The authors of the C.D. Howe paper offered the following comments on the federal government’s report card for 2023 (Robson and Dahir, 2023, page 14):
The federal government was the only government to provide a deadline for committee consideration of its main estimates. It ranked below average because it released its budget after the start of the fiscal year, it failed to highlight consolidated expenses in both its budget and public accounts, it buried key figures in a budget appendix, it used different accounting for its budget and estimates and it had a relatively large below-the-line adjustment. [emphasis added]
The authors wrote the following comments on the B.C. government’s report card for 2023 (Robson and Dahir, 2023, pages 9, 14 and 17):
In the B tier were Yukon (B+), Prince Edward Island (B), New Brunswick (B), Nova Scotia (B–), Quebec (B–), Ontario (B–) and British Colombia (B–).
British Columbia presented timely budgets and estimates, but its budget did not consolidate expenses, and qualifications by its auditor represented a significant percentage of its expenses [emphasis added; note, the auditor sought more disclosure about contractual obligations].
British Columbia was an A– performer in the past, but has slipped lately. The size of the discrepancy flagged by its auditor general is an ongoing problem, as is its below-the-line adjustment. Its 2022 budget did not highlight consolidated expenses, and featured a large contingency reserve, which lowered its grade this year.
For the class valedictorian, Alberta’s report card for 2023 reads as follows (Robson and Dahir, 2023, pages 9 and 17):
Topping the class was Alberta, with an A+ grade, followed by Saskatchewan with A–. Both released their public accounts within 90 days of year-end. Both presented the key numbers early in their budgets and public accounts, and used consistent accounting in those documents as well as in their estimates. Both tabled their budgets and estimates simultaneously before the start of the fiscal year, and published in-year updates with consistent budget comparisons.[emphasis added]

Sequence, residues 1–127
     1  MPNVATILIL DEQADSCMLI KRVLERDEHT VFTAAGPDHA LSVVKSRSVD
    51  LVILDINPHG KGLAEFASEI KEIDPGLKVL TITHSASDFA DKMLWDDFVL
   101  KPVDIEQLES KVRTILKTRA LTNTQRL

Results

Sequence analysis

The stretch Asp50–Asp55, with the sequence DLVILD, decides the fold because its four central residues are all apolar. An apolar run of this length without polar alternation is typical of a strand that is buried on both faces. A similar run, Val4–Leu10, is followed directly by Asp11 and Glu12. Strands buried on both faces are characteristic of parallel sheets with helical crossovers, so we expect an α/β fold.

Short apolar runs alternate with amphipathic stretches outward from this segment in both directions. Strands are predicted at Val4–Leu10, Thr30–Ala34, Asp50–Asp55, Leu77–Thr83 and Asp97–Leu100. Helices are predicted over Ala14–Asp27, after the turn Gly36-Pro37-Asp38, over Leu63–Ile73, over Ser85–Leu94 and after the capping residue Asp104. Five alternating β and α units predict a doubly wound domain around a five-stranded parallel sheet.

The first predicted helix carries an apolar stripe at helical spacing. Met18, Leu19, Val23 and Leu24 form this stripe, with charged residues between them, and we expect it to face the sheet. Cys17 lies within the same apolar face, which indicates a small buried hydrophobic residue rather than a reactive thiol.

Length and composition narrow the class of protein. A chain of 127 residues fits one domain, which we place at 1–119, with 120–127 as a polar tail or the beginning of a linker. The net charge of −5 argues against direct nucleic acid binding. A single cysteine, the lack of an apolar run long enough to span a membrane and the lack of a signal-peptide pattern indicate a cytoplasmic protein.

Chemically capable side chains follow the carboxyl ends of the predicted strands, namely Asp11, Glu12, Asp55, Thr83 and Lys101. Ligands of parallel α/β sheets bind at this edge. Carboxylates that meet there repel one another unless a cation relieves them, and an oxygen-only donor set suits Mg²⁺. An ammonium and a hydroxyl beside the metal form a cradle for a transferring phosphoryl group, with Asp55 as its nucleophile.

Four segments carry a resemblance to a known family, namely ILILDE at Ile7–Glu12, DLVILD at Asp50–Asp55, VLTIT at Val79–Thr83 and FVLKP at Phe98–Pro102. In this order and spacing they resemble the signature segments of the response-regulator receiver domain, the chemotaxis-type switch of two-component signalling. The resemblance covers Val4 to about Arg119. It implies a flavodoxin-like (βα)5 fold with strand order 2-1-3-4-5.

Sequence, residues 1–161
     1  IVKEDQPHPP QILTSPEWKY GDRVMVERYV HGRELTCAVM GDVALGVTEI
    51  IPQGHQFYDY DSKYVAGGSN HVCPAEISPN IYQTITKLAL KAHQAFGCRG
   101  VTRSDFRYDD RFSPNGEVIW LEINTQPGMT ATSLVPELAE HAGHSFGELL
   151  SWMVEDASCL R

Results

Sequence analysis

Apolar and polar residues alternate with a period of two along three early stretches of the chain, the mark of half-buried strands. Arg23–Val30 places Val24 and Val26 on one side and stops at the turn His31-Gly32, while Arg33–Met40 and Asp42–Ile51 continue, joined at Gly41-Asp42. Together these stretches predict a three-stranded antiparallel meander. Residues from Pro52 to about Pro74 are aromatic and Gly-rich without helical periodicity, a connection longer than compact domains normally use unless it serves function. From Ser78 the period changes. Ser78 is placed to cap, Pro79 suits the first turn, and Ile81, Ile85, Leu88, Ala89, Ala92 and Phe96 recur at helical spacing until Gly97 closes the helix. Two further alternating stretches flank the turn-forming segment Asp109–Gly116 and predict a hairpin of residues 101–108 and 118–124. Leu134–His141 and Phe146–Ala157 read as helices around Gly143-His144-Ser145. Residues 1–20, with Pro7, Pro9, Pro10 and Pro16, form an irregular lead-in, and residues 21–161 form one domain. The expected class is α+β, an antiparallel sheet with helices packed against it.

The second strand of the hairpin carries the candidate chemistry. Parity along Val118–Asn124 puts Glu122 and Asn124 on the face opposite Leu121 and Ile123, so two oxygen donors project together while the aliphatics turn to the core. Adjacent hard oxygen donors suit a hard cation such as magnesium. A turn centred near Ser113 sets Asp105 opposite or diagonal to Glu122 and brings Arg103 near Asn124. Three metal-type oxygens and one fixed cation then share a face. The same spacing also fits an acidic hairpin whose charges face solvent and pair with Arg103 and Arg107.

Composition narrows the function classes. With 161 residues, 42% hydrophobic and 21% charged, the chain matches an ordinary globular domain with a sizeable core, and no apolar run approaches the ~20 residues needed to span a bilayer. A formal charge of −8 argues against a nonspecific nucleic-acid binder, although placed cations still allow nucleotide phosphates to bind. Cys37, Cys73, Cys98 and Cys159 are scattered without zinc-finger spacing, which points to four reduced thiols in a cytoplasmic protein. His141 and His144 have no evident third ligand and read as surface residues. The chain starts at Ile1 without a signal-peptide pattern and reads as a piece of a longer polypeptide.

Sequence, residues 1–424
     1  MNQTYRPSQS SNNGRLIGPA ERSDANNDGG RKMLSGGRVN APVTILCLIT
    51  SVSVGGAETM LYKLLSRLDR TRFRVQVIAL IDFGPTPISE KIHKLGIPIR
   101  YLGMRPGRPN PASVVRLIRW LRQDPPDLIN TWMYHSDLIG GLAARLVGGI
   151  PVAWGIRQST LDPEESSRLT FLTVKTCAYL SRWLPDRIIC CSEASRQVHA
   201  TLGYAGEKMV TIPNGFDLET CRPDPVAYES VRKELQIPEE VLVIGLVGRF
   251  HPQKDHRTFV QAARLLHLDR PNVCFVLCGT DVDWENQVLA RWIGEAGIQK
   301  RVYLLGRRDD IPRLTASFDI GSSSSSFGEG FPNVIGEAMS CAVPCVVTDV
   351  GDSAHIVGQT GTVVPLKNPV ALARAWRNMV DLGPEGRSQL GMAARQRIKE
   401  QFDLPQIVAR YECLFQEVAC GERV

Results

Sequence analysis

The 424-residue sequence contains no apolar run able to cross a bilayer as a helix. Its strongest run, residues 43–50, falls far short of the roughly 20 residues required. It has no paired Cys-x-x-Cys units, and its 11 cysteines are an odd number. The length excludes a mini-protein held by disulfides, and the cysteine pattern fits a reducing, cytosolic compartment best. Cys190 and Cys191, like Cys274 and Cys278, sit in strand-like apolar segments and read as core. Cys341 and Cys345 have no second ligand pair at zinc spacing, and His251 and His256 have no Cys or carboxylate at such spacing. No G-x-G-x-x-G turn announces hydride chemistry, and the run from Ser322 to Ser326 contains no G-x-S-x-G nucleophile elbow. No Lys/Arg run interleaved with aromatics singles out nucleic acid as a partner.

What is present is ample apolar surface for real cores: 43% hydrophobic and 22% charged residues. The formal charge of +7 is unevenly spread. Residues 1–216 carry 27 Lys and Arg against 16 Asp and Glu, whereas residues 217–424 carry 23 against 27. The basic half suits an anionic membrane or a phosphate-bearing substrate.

Alberta has been a solid performer since 2015, when it stopped showing multiple balance figures in its budgets. Its timely budget release helped it top the class this year. Provincial legislation requires tabling Alberta’s budget in February, a deadline it achieved in fiscal year 2022/23.
How can governments improve their fiscal transparency?
Robson and Dahir (2023) outline several principles that governments should follow to improve their fiscal transparency:
- Ensure budget documents and financial statements reflect public sector accounting standards (PSAS), with consolidated revenues, expenses, surpluses or deficits, and with tables and explanations for changes from past results and deviations from past projections.
- Budgets should be released before, not after, the start of the fiscal year. They argue, “It is an affront to accountability to ask legislatures to approve a plan after money has already been spent” (Robson and Dahir (2023): p20). The authors cite the egregious failure of the federal government to present a budget at all in 2020/21 notwithstanding wartime levels of expenditures. The authors recommend there be a legislated budget date for senior governments, preferably before the end of January.
- Estimates should reconcile with budget documents and receive timely consideration. Fiscal estimates should be shown on the same accounting basis, and the same aggregation basis, in all budget documents and financial statements, so that changes or discrepancies can be readily identified. Also, the authors recommend governments release their main estimates at the same time as their budgets, as is the practice in Australia and New Zealand.
- Key numbers should be accessible and recognisable. Governments should provide the key numbers up front so readers can easily find them. They should declutter their budget documents and avoid burying important numbers deep in rambling text.
- Year-end results should be timely. The federal government’s tabling of its public accounts up to 9 months later is unacceptably tardy when the fiscal year ends on March 31. By contrast in Alberta, public accounts must be tabled by June 30! The authors argue that given current technology there is no reason for such lengthy delays in producing public accounts. They propose that senior governments be required to table their public accounts within 90 days of the end of the fiscal year (i.e. by the end of June) or, failing that, by the end of September at the latest.